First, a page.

Sony's Decline: When great tech isn't enough...

Sohrab Vossoughi wrote last year in the Harvard Business Review about the decline of Sony in the last two decades, and how the strategy that served it so well in the past just isn't enough now. Sony's products have always had great technology, capability, and quality - but now it's the design of the user experience that matters most.  According to Vossoughi: "In the early 80s, simply delivering technology in a usable form was still the biggest challenge, and Sony got it right before anyone else. ... In [today's] experience economy, these expectations are reversed. Technology is a given, and the question of 'what are the specs?' has been replaced by 'what is it like to use?'"  It's a refrain that I've heard professionally, too: clients claim that some tech has been tried before and didn't catch on, when what was really needed was a well-designed experience around that tech.  So Sony, don't fire those engineers - but hire some product designers to make a bigger difference!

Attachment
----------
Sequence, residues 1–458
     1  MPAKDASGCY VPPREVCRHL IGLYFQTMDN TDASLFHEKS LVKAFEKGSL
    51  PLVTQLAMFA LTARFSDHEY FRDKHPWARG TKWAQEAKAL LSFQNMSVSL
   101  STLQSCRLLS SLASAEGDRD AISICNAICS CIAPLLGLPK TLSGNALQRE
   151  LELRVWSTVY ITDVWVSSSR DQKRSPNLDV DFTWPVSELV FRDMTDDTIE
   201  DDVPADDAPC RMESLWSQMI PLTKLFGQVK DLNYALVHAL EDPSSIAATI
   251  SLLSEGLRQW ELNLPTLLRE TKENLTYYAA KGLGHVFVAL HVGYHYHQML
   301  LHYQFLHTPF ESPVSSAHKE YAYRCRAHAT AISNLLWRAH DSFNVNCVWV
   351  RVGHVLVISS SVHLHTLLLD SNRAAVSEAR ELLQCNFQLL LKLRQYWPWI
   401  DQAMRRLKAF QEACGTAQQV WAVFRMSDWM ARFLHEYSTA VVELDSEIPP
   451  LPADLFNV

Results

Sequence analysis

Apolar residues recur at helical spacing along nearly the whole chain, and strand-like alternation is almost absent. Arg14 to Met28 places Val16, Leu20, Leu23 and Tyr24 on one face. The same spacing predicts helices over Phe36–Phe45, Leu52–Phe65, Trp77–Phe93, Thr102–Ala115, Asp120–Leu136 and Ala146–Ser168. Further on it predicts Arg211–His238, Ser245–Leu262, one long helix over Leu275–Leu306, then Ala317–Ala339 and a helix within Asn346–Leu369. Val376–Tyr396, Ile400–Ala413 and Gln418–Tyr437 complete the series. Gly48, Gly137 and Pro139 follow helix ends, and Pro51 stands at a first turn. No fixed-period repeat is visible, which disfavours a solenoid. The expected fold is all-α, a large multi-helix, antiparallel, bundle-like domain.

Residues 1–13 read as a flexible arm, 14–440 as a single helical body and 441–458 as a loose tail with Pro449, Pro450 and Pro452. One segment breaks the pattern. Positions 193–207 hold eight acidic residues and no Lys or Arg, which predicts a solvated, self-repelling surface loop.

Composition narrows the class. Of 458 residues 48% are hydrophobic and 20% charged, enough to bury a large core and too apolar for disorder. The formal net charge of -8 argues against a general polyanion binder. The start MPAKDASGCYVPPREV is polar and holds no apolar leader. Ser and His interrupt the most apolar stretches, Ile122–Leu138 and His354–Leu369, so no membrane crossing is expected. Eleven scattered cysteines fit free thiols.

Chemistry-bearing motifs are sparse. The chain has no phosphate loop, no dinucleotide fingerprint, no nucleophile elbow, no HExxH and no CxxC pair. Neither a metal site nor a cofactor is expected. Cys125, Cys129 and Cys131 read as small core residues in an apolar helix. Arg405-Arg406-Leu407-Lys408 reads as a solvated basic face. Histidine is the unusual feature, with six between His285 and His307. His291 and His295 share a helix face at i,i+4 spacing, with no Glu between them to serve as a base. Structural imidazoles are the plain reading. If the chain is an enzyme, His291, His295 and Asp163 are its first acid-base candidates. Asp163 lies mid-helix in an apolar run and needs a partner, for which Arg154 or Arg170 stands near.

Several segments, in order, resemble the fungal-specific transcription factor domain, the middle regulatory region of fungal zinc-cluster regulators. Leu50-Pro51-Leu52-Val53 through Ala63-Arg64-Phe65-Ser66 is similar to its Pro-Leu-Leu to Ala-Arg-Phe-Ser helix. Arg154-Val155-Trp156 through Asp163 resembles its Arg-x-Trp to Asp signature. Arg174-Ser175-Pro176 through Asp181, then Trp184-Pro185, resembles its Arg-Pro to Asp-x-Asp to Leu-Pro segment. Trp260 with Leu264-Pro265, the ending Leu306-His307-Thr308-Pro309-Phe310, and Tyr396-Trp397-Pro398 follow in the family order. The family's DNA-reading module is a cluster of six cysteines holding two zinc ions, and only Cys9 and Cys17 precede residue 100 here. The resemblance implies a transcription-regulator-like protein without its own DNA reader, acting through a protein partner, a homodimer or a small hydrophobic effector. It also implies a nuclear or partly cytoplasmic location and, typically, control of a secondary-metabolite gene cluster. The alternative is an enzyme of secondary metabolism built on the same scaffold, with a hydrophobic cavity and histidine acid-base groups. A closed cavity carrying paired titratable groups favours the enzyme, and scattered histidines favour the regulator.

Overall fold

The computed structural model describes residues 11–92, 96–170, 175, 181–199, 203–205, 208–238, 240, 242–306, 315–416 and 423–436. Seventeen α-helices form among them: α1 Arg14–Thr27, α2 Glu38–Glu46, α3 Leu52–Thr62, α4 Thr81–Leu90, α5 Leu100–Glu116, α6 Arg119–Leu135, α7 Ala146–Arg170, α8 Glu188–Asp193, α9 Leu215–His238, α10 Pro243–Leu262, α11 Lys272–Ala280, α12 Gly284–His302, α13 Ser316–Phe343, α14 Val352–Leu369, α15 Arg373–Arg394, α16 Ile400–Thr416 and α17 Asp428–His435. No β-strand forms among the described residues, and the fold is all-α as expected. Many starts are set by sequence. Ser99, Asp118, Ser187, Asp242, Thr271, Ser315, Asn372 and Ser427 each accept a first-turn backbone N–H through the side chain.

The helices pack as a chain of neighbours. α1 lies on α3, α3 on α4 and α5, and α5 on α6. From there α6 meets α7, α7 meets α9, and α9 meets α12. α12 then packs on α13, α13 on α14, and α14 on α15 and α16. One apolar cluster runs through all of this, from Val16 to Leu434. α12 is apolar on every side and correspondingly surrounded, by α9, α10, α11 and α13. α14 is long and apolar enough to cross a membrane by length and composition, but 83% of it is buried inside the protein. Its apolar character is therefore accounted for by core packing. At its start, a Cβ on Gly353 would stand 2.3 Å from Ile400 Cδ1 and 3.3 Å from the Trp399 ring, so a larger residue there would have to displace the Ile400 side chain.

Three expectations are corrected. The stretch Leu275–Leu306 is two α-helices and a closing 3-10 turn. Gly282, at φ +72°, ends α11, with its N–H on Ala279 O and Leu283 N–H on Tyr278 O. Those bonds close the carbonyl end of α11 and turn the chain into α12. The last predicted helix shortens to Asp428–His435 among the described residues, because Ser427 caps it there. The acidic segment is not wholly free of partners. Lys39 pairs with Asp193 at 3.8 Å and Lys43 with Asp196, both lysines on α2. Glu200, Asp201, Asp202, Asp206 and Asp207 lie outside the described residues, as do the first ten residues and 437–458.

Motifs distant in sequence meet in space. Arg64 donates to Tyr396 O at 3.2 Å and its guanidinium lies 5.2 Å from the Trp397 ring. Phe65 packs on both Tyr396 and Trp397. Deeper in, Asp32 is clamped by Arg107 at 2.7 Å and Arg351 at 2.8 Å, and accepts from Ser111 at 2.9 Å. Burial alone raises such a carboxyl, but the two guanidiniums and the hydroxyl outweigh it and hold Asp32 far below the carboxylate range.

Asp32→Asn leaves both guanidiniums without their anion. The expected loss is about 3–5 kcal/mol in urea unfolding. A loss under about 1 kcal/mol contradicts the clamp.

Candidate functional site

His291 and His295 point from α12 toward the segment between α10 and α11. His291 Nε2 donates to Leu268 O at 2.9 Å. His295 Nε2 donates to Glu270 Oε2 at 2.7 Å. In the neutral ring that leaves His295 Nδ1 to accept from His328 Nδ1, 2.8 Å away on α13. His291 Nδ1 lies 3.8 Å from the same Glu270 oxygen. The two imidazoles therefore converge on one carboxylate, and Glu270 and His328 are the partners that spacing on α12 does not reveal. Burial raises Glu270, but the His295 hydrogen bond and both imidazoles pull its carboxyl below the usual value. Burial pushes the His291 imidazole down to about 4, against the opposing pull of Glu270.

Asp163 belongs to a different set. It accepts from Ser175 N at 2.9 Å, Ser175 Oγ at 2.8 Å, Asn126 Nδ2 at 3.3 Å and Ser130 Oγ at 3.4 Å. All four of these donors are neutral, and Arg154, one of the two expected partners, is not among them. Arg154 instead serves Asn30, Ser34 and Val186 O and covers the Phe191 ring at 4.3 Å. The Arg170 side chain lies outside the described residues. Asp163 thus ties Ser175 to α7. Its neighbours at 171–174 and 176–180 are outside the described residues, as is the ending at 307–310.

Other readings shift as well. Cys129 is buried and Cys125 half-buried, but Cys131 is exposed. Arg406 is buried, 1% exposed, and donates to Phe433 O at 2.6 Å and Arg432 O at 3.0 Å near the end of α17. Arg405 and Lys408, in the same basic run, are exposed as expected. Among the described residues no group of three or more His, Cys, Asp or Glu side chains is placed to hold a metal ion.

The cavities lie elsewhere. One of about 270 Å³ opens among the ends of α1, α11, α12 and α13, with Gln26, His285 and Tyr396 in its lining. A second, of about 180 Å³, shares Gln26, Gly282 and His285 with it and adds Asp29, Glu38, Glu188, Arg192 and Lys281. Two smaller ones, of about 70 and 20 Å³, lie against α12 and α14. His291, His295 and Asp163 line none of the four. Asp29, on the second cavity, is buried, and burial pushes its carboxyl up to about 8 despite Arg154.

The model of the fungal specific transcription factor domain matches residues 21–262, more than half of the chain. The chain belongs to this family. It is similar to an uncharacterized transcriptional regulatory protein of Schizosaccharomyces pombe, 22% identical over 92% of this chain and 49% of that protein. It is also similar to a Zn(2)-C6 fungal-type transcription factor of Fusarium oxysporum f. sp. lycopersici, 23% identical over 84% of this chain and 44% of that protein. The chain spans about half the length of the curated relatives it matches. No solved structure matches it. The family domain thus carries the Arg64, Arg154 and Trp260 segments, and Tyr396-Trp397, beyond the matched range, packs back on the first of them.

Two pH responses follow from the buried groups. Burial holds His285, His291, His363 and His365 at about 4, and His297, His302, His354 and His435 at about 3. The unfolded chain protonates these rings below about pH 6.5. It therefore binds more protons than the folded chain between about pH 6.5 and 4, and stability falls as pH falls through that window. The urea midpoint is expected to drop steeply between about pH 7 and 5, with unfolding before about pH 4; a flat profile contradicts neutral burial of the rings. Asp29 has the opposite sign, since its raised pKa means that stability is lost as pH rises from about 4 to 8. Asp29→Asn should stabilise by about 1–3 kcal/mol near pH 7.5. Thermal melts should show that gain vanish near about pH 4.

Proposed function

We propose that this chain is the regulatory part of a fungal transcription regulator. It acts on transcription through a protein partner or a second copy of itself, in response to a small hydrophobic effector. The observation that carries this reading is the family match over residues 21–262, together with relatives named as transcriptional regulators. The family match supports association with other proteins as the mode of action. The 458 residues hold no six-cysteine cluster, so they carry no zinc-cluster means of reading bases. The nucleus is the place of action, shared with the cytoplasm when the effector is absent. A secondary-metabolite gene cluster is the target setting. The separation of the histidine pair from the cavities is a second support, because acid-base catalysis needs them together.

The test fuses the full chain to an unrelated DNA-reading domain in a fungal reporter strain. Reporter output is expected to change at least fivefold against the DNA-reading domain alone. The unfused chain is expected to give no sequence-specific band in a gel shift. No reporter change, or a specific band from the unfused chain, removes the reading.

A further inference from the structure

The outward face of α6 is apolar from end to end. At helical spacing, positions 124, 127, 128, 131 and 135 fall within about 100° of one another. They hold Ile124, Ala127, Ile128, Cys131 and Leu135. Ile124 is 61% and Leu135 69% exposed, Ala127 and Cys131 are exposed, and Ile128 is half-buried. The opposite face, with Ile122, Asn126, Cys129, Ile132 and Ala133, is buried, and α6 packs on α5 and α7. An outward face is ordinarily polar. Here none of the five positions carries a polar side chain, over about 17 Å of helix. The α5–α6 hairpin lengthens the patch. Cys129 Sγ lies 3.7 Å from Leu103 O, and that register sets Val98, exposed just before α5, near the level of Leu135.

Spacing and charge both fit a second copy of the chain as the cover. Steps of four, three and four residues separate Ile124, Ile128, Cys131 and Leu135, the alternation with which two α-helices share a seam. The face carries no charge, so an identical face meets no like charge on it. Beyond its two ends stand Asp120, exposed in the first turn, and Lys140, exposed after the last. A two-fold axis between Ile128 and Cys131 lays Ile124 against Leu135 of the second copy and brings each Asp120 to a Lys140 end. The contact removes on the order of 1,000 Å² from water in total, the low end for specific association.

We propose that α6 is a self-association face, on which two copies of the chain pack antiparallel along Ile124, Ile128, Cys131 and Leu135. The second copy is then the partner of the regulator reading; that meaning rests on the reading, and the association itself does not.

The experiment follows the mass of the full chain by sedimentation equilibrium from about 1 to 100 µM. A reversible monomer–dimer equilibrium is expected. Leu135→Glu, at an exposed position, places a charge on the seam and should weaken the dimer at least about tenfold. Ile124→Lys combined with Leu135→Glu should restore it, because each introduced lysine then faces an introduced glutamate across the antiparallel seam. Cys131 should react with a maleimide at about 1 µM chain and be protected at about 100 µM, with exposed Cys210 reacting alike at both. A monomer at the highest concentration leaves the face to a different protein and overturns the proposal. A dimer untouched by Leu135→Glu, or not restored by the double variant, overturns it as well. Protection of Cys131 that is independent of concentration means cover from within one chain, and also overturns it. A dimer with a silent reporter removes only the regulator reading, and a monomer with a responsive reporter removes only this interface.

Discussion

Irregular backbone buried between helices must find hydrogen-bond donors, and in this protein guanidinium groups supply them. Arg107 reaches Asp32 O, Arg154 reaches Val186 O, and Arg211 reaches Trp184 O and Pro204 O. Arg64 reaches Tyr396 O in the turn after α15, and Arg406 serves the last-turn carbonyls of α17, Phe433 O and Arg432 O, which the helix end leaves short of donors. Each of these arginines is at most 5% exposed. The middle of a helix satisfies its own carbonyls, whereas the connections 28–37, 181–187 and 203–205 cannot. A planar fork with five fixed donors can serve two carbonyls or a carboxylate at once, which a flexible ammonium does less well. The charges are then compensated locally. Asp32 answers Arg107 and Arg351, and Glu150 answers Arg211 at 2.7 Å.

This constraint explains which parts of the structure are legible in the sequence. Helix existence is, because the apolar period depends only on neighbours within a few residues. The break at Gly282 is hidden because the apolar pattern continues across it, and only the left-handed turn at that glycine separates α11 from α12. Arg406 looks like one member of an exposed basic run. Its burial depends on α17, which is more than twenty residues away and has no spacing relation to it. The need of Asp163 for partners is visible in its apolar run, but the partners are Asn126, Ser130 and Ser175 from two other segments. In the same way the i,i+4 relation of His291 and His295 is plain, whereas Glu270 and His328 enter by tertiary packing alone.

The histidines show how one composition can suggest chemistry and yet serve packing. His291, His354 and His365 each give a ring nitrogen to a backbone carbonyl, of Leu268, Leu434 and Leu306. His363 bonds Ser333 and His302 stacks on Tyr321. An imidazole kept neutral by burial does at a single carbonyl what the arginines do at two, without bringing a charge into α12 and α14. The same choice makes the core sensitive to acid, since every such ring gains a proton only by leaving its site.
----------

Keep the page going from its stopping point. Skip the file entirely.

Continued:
Digital Calendars Wasting Space on the Past

Skeuomorphism is easy to identify when it mimics the aesthetic elements of tangible objects, but it can have even more impact when it's subtly copying interactions from the physical world. In Wired, Clive Thompson points out this influence in digital calendar apps, where the monthly view stubbornly sticks to showing a single calendar month, regardless of how much of that month is in the past. This is relic of paper calendars where it made sense to put each month on a single sheet - but digital calendars are free to show just the current week plus the next several weeks, a much more useful proposition. So, why don't they...?  Skeuomorphismmmm!!